The present invention overcomes the disadvantages and shortcomings of the prior art discussed above by providing an optical composite structure which includes a composite material. The composite structure includes a first optical transceiver for receiving an optical signal external to the composite material, which is embedded in the composite material at a first location and oriented to receive the external optical signal at an angle to the composite material. The composite structure also includes a second optical transceiver for transmitting a second optical signal external to the composite material, which is embedded in the composite material at a second location and oriented to transmit the second optical signal at an angle to the composite material. The composite structure also includes a communication medium embedded in the composite material for allowing communication between the first optical transceiver and the second optical transceiver. A fiber optic cable acting as an optical bus or a coaxial cable acting as an electrical bus may be embedded in the composite material and functions as the communication medium. The optical free space signal is oriented to be received and transmitted at an angle of about 90 degrees relative to the composite material.

In the present invention, optical transceivers are designed, fabricated, and embedded into composite materials so that data can be ported into and out of the embedded optical/electrical busses using line-of-sight optical devices. The transceivers and fiber optic/coaxial cable are embedded into a foam-core composite sandwich structure. The embedded busses of the invention include a signal source producing an optical free space signal, which is aimed at an optical/electrical bus containing a transceiver for converting this signal into another electrical or optical signal which then is transmitted using a coaxial or fiber optic cable buried in the composite structure. The signal traverses the composite structure, and a second transceiver converts the electrical/optical signal into a free space optical signal which is transmitted out of the composite structure to an external, free space optical receiver. These embedded transceivers can be remotely sensed by external optical transceivers, so that signal coupling to the composite structure can be achieved without physical connectorization.

In a passive embodiment of the present invention, the embedded link includes a composite encasing a plastic fiber optic cable and a pair of mirrors.

In an active embodiment of the present invention, an externally powered, active transceiver utilizes semiconductor components. A composite material encases a glass fiber optic cable, an input photodetector, an externally powered optical-to-electrical converter integrated circuit, an input driving LED, an output photodetector, an electrical-to-optical converter integrated circuit, and an output driver LED.

In another active embodiment of the present invention, an embedded link includes externally powered, semiconductor-based active transceivers electrically coupled to micro-coaxial cable link with the transceivers embedded in the resin of a composite structure. The receiver can include an operational amplifier with a negative feedback photodiode. The transmitter can also include an operational amplifier with a negative feedback light-emitting diode (LED).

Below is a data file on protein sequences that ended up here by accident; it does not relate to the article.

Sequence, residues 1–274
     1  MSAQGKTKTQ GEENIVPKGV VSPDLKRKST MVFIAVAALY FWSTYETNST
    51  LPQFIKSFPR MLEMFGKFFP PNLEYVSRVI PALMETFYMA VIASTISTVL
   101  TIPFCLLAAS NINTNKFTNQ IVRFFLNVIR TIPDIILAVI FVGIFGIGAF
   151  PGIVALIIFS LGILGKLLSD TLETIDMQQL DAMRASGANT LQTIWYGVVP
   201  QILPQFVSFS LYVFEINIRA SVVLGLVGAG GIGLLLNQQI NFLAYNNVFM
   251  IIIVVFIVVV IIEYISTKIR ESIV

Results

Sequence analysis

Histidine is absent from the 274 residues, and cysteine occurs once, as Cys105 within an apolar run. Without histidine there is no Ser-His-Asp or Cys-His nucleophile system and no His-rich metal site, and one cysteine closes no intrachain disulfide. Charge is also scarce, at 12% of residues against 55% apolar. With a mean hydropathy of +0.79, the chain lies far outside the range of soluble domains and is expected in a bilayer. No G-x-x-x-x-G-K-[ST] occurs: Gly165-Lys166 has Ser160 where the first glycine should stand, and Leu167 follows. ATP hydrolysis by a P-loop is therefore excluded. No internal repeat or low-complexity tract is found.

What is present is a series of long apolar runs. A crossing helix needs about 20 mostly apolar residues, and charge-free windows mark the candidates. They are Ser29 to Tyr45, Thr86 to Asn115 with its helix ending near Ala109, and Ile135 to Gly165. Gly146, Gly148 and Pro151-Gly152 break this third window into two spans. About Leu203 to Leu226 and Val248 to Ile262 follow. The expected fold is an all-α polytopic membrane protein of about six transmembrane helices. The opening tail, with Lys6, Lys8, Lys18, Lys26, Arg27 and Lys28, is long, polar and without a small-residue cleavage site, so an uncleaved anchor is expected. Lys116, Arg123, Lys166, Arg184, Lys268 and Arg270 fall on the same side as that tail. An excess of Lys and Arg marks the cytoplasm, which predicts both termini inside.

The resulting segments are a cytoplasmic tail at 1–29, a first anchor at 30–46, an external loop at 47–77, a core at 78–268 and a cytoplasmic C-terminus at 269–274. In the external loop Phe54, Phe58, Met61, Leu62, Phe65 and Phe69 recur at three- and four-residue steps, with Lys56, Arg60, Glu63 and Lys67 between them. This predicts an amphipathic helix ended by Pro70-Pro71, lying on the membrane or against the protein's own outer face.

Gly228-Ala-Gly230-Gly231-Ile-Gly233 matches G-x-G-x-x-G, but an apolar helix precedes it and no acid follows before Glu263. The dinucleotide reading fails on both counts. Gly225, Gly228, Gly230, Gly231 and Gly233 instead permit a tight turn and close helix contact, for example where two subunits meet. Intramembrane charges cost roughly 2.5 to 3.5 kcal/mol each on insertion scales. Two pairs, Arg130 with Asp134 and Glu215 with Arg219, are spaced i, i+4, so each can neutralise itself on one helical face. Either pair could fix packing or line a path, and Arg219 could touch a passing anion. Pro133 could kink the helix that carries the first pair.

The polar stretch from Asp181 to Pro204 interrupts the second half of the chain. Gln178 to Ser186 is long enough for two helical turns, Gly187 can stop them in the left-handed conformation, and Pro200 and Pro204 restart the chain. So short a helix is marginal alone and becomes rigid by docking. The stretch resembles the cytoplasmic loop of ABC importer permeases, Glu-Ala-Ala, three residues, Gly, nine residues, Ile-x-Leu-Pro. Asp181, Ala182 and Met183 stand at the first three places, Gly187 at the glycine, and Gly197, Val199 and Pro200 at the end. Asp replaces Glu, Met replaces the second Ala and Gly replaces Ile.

In another active embodiment of the present invention, an embedded link includes semiconductor-based active transceivers which draw their power from an outside optical transmitter, a glass fiber optical cable, and an encasing composite. The receiver includes a series connection of a plurality of photodiodes. The photodiodes are used to drive an 850 nm vertical-cavity surface-emitting laser (VCSEL) via the fiber optical cable.

Another self-powered active embodiment of the present invention uses embedded optical fibers with impregnated fluorescent dye. The dye fibers convert an external visible (light-emitting diode) signal into waveguided light which is transmitted into the fiber. The dye-based impregnated optical fiber is directly stimulated by incoming optical signals. New photons, generated by the dye, travel along the optical fiber and are directed out of the embedded structure through passive optics (e.g., a mirror).

Further features and advantages of the invention will appear more clearly on a reading of the following detailed description of several exemplary embodiments of the invention, which are being provided by way of example only with reference to the accompanying drawings.

BRIEF DESCRIPTION OF THE DRAWINGS

For a more complete understanding of the present invention, reference is made to the following detailed description of several exemplary embodiments considered in conjunction with the accompanying drawings, in which:

FIG. 1 is a block diagram showing a free-space optical porting composite structure of the present invention which employs passive transceivers;

FIG. 2 is a block diagram showing a free-space optical porting composite structure of the present invention which employs externally powered, semiconductor-based active transceivers;

FIG. 3 is a block diagram showing a free-space optical porting composite structure of the present invention which employs a externally powered, semiconductor-based active transceivers with an electrical bus;

FIG. 4A is a circuit diagram showing the electrical components of externally powered receiver device employed in FIG. 3;